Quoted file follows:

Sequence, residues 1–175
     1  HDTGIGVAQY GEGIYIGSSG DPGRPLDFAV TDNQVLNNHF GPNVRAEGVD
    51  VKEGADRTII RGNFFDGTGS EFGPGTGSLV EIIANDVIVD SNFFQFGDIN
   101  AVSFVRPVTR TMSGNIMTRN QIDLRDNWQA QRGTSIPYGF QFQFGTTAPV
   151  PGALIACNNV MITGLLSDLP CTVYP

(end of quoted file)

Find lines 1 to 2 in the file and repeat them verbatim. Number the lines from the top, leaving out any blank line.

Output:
Sequence, residues 1–175
     1  HDTGIGVAQY GEGIYIGSSG DPGRPLDFAV TDNQVLNNHF GPNVRAEGVD